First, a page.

I havent been posting much lately as I have been a busy bee at work, I also haven’t been baking as much. I have every saturday off so have been cramming in bread baking, and this is the bread I have been baking! Its my Mum’s personal favorite, it’s a french country loaf that uses a “Pâte fermentée” wich means old dough, back when my dad was a baker they used bits of unbaked dough from the previous day to flavor the fresh dough the next day but you can also make up a special little bit of Pâte fermentée the night before you bake. It’s kinda like how starters flavour bread but a lot more mild and less work as you don’t need to feed it on a regular basis. This bread has a lovely flavour- partly because of using the old dough, but also because it has just a hint of rye and a hint of wholemeal flours, it’s a french country loaf that dates back to when French farmers grew small amounts or rye amongst the wheat and milled it all together, villagers used to bake up large loaves of this bread in communal ovens once a week.
Pâte fermentée (old dough):
2 cups white bread flour
2/3- 1 cup tepid water
1/2 tsp yeast
1/2 tsp salt
Dissolve the yeast in the water and add the flour, partially mix then add the salt and bring together to form a dough, knead until elastic- about 8-10 minutes and place in an oiled bowl, covered, to rise for about 1 hour- or until it has risen noticeably. Place in the top of the fridge overnight (or up too 3 days) and use as required in bread.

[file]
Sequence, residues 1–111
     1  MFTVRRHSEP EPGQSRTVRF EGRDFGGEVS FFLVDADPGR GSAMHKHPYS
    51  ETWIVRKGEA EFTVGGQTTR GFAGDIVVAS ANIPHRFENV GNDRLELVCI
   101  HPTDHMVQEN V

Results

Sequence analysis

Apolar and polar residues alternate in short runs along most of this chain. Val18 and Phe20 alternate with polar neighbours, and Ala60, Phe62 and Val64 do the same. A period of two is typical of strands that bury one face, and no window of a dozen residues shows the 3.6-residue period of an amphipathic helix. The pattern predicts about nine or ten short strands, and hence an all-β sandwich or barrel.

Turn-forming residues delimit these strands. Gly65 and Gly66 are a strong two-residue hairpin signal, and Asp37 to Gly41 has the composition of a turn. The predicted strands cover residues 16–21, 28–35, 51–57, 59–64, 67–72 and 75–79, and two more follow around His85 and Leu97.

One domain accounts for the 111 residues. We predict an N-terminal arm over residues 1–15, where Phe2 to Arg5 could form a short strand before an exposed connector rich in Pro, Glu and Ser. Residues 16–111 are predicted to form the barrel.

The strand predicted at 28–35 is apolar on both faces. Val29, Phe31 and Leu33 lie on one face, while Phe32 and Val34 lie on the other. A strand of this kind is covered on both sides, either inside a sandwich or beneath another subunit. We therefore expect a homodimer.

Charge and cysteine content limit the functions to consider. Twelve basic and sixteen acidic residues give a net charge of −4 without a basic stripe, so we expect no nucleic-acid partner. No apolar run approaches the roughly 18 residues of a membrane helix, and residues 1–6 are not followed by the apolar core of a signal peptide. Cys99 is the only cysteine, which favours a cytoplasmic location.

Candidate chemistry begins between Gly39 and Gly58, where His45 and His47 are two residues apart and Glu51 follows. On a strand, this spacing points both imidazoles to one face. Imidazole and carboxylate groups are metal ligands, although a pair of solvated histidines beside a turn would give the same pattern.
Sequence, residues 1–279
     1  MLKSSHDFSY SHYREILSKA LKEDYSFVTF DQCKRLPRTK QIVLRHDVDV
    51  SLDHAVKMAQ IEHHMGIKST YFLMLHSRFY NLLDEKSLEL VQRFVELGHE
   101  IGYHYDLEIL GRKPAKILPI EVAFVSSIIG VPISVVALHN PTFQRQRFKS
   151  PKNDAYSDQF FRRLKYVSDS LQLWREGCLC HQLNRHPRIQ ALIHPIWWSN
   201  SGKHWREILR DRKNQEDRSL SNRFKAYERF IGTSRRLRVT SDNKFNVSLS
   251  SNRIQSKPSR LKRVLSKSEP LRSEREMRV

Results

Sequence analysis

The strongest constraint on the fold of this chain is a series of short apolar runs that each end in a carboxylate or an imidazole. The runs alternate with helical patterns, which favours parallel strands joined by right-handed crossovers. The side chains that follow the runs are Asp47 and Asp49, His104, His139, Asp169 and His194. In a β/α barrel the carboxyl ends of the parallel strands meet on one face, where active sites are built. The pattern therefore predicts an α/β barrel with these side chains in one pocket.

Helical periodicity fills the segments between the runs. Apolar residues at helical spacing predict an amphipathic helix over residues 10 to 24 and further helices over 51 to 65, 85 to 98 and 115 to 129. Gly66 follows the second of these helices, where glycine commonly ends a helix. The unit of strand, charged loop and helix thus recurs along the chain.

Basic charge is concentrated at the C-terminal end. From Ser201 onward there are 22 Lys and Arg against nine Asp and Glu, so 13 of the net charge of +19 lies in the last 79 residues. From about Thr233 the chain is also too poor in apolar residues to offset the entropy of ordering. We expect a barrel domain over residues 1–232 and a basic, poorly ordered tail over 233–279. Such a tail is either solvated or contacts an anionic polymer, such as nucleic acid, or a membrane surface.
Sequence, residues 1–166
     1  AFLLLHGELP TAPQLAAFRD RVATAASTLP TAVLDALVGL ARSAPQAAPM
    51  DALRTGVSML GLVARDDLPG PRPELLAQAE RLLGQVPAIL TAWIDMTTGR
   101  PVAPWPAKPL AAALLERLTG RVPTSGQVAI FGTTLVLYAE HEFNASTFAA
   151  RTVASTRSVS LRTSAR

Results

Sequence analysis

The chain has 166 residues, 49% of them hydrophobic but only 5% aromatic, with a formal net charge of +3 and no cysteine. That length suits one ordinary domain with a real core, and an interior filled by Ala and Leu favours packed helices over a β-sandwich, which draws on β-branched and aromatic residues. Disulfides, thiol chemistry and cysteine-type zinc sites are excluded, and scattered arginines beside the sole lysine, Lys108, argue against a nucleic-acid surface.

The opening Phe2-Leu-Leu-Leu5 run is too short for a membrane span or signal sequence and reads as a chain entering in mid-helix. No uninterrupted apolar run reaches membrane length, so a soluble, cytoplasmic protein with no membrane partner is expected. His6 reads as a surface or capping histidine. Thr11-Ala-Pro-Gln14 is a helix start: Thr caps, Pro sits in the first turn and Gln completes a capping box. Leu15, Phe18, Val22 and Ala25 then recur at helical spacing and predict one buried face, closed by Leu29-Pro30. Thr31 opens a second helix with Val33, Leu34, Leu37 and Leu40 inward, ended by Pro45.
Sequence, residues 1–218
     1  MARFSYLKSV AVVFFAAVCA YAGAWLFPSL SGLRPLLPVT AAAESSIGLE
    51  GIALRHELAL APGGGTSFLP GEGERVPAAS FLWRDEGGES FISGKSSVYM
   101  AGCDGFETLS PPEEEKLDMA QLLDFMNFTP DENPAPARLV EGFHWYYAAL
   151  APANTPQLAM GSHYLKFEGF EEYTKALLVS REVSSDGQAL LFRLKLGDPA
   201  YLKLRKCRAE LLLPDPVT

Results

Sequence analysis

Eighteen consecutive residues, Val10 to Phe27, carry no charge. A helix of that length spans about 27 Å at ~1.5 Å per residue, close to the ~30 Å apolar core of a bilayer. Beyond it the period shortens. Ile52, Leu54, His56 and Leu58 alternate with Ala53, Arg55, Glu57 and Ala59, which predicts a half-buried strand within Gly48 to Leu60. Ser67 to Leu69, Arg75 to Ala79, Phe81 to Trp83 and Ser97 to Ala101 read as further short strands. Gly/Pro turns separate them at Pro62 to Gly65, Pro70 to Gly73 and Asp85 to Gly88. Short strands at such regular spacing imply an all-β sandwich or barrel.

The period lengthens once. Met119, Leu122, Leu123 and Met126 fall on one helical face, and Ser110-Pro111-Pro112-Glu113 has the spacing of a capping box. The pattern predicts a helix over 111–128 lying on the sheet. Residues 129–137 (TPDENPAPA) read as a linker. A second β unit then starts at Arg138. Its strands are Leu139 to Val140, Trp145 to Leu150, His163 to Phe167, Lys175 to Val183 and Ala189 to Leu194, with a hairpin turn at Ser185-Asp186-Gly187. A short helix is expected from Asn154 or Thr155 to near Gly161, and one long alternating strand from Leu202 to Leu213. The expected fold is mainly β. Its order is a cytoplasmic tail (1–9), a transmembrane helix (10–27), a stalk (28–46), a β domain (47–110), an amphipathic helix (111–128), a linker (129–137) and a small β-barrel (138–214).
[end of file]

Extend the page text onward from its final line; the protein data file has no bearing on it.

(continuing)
Pain de campagne:
1 1/2 cups tepid water
2 1/2 tsp yeast
1 tbsp of unrefined sugar/ or agave
1/2 a recipe of Pâte fermentée (see recipe above)
2 1/2 cups strong white bread flour
1/3 cup strong wholemeal flour
1/3 cup rye flour
1/2 tsp salt
2 tbsp oil
Mix together the water, yeast, sugar and Pâte fermentée- squeezing the Pâte fermentée with your hands to break most of it up- mix in the flour’s until partially combined. Dissolve the salt in about a tbsp of water and add it in. Continue to mix the ingredients together until it comes together as a dough. Knead on a floured surface for about 10 minutes until the dough quickly bounces back after being poked with a floured finger. Place the dough in an oiled bowl and toss to coat it, cover and leave to rise for 1-2 hours until doubled in size. Punch the dough back down and shape into a boule before placing in a floured banneton (or back into the bowl) for another 30 minutes- 1 hour to double back up. Preheat the oven to 230c/450f and place a metal oven proof dish on the bottom of the oven filled with boiling water (be careful!). Turn the bread onto a greased baking sheet and slice a couple of times with a sharp knife. Bake for 35- 45 minutes until the curst is dark and the loaf fully baked. Cool completely on a wire rack before slicing.